We invite all students, staff, faculty, and their families (kids, yes!) to join Women Faculty Forum next Monday (Nov 4), 5:30-7pm in Mudd Atrium, to discuss mentorship, community-building, and equity at Homewood.
In that spirit, here’s some advice to consider from Shampa Biswas in the Chronicle:
Based on my (continuing) experiences on this front, I offer the following lessons I’ve learned. I hope they will be of value to all faculty members, but especially to those who disproportionately take on the responsibilities of advising minority students.
They feel seen and unseen. Students of color can find themselves at opposite poles on the visibility spectrum:
- On the one hand, they feel “invisible” — and inaudible. In certain settings and forums they are trying to be seen and heard but are constantly overlooked. Students notice, for example, if the professor calls only on white men in class discussions about male-normed topics such as “international security.”
- On the other hand is the problem of being “hypervisible.” Either they are viewed as representatives of “their cultures” (e.g., an international student asked to speak for her country in class), or they are seen as the source of some infraction (e.g., a black male student profiled and singled out to show his ID in order to enter a campus party).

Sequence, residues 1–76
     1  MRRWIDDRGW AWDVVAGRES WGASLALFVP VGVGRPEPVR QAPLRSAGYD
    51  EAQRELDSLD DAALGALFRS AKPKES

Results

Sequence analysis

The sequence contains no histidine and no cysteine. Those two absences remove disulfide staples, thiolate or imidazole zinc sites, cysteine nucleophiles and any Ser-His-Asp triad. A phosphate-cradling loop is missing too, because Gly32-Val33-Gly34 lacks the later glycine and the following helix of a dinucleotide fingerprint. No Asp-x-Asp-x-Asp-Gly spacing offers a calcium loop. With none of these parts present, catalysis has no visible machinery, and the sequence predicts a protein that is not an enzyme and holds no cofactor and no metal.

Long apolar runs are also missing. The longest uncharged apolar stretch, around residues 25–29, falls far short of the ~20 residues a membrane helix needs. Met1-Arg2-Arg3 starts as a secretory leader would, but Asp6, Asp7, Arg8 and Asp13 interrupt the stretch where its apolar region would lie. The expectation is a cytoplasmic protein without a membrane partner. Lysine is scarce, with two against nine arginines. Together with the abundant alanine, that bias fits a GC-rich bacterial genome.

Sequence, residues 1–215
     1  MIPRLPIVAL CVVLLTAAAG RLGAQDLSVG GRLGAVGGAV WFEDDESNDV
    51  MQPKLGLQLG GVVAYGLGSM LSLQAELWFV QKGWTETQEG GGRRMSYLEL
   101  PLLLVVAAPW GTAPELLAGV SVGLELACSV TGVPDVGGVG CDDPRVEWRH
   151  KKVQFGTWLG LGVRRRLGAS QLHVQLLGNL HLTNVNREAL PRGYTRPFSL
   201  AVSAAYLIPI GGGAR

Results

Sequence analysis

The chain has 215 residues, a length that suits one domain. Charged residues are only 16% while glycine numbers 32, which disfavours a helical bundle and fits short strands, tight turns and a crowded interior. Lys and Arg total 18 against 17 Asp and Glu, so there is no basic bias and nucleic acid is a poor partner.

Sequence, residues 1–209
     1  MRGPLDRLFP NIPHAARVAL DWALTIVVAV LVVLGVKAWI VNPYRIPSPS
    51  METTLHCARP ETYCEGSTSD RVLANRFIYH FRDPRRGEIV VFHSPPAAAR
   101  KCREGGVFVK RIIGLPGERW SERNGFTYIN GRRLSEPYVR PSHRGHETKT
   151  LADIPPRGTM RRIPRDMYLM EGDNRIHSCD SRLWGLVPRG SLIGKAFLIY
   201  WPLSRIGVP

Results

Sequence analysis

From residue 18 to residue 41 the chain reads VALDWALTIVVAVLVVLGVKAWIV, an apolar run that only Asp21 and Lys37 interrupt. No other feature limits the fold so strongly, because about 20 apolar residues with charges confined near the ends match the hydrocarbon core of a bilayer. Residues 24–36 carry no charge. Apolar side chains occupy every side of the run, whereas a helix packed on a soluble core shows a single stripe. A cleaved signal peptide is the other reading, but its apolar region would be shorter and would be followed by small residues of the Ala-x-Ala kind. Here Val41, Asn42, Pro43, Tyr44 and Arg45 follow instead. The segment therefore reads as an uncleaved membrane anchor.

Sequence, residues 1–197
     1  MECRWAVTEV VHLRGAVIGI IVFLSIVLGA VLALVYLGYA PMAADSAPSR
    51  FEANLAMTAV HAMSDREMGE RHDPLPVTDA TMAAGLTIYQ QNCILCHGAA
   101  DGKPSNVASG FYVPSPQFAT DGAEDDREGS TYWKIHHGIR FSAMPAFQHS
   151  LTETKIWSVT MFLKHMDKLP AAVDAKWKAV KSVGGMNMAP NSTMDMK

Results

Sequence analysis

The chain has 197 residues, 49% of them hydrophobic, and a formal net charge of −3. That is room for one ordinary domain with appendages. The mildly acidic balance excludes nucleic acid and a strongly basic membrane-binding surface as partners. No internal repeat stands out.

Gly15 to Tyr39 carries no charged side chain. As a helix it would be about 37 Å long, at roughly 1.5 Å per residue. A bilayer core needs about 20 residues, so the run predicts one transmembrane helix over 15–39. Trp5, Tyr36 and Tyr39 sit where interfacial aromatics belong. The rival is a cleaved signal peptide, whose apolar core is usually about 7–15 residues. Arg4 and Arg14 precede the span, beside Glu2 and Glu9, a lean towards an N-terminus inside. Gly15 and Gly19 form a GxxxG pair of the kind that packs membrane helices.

. . .
There’s a lot of diversity in diversity. When a campus is relatively homogenous, like my own, there’s a tendency to clump all forms of difference into a broad category of “diversity,” and neglect the enormous heterogeneity of experiences, needs, interests, and occasional tensions that exist within.
. . .
How approachable you seem will change. You might consider yourself an easygoing, open-minded faculty member. It is easy to forget that first-generation, minority, and foreign students can be very intimidated by college professors — and less willing than other students to seek out our advice.
. . .
Be as open about your own vulnerabilities as you can. I have come to recognize that, whether or not I want to play the part, being in the very small minority of female faculty members of color who have made it into the rarefied upper echelons of academic rank, I serve as a “role model.” I will confess to sometimes experiencing that role as a burden rather than a gift, especially when I am exhausted by the need to constantly model a vocal presence on the campus in order to be taken seriously.